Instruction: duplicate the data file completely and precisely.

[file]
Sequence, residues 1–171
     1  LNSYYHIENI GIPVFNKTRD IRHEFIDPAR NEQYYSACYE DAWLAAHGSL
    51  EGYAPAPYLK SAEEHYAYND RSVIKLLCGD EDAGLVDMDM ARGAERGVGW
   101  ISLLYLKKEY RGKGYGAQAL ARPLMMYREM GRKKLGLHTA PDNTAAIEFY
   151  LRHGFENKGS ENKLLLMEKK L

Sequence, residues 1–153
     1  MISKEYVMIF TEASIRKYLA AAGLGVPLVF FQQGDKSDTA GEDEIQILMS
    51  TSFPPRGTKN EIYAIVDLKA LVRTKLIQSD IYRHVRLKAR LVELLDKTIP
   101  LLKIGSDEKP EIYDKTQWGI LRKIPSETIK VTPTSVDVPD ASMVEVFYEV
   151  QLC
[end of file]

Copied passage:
Sequence, residues 1–171
     1  LNSYYHIENI GIPVFNKTRD IRHEFIDPAR NEQYYSACYE DAWLAAHGSL
    51  EGYAPAPYLK SAEEHYAYND RSVIKLLCGD EDAGLVDMDM ARGAERGVGW
   101  ISLLYLKKEY RGKGYGAQAL ARPLMMYREM GRKKLGLHTA PDNTAAIEFY
   151  LRHGFENKGS ENKLLLMEKK L

Sequence, residues 1–153
     1  MISKEYVMIF TEASIRKYLA AAGLGVPLVF FQQGDKSDTA GEDEIQILMS
    51  TSFPPRGTKN EIYAIVDLKA LVRTKLIQSD IYRHVRLKAR LVELLDKTIP
   101  LLKIGSDEKP EIYDKTQWGI LRKIPSETIK VTPTSVDVPD ASMVEVFYEV
   151  QLC